BDR (Bi-Directional Replication) v4
BDR is a PostgreSQL extension providing multi-master replication and data distribution with advanced conflict management, data-loss protection, and throughput up to 5X faster than native logical replication, and enables distributed Postgres clusters with high availability up to five 9s.
BDR provides loosely coupled, multi-master logical replication using a mesh topology. This means that you can write to any server and the changes are sent directly, row-by-row, to all the other servers that are part of the same BDR group.
By default, BDR uses asynchronous replication, applying changes on the peer nodes only after the local commit. Multiple synchronous replication options are also available.
A BDR node is a member of at least one node group, and in the most basic architecture there is a single node group for the whole BDR cluster.
Each node (database) participating in a BDR group both receives changes from other members and can be written to directly by the user.
This is distinct from hot or warm standby, where only one master server accepts writes, and all the other nodes are standbys that replicate either from the master or from another standby.
You don't have to write to all the masters all of the time. A frequent configuration directs writes mostly to just one master.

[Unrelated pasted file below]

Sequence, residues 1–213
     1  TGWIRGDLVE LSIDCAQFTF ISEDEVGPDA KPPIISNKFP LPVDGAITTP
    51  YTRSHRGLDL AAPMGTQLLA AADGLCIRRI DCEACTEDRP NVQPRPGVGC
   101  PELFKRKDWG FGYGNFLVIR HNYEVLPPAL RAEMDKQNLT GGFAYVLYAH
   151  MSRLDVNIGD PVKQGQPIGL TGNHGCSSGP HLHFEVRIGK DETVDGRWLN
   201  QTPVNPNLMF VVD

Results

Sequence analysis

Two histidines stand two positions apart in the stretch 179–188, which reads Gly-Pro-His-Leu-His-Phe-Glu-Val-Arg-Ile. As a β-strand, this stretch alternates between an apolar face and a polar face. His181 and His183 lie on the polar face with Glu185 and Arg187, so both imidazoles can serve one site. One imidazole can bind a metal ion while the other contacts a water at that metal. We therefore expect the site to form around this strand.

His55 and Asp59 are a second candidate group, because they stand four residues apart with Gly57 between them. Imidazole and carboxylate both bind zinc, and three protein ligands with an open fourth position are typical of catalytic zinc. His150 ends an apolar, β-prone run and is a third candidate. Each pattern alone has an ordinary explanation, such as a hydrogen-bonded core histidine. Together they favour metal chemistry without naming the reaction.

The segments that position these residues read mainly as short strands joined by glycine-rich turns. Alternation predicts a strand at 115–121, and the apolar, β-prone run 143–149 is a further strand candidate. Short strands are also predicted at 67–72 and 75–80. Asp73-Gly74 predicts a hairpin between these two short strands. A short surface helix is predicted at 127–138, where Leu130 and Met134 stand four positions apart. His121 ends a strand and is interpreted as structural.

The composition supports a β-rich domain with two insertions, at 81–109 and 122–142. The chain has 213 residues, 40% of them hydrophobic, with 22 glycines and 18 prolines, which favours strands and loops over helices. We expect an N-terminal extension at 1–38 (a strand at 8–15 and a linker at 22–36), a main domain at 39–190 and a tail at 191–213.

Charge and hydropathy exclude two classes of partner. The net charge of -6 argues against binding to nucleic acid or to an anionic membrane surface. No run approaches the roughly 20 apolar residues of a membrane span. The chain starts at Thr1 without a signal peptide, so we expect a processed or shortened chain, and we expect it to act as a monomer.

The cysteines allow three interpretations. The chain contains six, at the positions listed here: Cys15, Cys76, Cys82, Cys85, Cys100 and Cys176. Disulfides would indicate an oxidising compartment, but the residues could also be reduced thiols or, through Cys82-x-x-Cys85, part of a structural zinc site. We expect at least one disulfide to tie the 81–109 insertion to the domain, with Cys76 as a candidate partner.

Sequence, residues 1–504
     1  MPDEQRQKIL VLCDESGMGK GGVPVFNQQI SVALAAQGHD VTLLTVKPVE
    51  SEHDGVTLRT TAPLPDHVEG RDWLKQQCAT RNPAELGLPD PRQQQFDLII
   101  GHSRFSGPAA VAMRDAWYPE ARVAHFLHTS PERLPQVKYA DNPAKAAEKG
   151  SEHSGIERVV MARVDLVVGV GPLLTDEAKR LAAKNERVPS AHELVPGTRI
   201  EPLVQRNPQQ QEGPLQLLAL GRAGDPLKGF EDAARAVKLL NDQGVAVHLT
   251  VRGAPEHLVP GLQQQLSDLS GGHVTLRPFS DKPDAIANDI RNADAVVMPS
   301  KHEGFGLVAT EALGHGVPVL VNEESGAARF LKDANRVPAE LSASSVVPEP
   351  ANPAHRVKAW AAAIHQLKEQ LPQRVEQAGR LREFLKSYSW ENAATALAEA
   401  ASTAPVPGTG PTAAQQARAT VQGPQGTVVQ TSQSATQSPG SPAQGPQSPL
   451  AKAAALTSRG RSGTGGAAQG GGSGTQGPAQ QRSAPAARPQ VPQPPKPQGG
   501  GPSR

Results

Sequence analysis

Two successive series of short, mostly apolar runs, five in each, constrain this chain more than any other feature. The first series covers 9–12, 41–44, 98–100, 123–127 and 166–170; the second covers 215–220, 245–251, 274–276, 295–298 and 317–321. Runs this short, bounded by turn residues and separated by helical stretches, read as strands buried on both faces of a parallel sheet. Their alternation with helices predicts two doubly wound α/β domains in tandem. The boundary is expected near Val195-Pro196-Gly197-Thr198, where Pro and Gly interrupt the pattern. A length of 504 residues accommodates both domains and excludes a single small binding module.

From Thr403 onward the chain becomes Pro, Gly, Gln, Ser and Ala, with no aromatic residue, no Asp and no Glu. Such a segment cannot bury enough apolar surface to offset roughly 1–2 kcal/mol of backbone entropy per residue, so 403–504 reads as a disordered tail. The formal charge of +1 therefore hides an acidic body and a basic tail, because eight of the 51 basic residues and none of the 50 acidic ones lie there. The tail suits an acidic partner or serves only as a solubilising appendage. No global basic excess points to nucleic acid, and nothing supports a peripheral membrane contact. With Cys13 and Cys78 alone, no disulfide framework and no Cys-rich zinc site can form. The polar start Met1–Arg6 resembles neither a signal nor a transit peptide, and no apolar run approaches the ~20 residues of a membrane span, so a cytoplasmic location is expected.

Changes made on one BDR node aren't replicated to other nodes until
they're committed locally. As a result, the data isn't exactly the
same on all nodes at any given time. Some nodes have data that
hasn't yet arrived at other nodes. PostgreSQL's block-based replication
solutions default to asynchronous replication as well. In BDR,
because there are multiple masters and, as a result, multiple data streams,
data on different nodes might differ even when
synchronous_standby_names are used.
BDR is structured around a mesh network where every node connects to every other node and all nodes exchange data directly with each other. There's no forwarding of data in BDR except in special circumstances such as adding and removing nodes. Data can arrive from outside the EDB Postgres Distributed cluster or be sent onwards using native PostgreSQL logical replication.